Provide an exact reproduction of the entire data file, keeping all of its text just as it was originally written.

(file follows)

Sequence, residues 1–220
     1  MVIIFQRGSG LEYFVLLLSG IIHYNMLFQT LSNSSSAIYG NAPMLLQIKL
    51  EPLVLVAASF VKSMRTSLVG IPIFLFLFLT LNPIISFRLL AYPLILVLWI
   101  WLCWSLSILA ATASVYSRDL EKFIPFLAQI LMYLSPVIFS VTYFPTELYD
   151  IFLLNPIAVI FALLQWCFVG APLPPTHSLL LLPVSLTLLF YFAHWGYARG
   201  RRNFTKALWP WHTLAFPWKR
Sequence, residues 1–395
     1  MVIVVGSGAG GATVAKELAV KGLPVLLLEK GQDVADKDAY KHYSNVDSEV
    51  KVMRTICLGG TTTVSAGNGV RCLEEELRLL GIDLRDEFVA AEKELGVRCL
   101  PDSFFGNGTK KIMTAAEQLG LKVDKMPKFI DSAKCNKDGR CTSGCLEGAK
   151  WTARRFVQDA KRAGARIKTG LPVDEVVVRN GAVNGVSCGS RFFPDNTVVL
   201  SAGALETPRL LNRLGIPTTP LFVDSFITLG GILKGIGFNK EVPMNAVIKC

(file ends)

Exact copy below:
Sequence, residues 1–220
     1  MVIIFQRGSG LEYFVLLLSG IIHYNMLFQT LSNSSSAIYG NAPMLLQIKL
    51  EPLVLVAASF VKSMRTSLVG IPIFLFLFLT LNPIISFRLL AYPLILVLWI
   101  WLCWSLSILA ATASVYSRDL EKFIPFLAQI LMYLSPVIFS VTYFPTELYD
   151  IFLLNPIAVI FALLQWCFVG APLPPTHSLL LLPVSLTLLF YFAHWGYARG
   201  RRNFTKALWP WHTLAFPWKR
Sequence, residues 1–395
     1  MVIVVGSGAG GATVAKELAV KGLPVLLLEK GQDVADKDAY KHYSNVDSEV
    51  KVMRTICLGG TTTVSAGNGV RCLEEELRLL GIDLRDEFVA AEKELGVRCL
   101  PDSFFGNGTK KIMTAAEQLG LKVDKMPKFI DSAKCNKDGR CTSGCLEGAK
   151  WTARRFVQDA KRAGARIKTG LPVDEVVVRN GAVNGVSCGS RFFPDNTVVL
   201  SAGALETPRL LNRLGIPTTP LFVDSFITLG GILKGIGFNK EVPMNAVIKC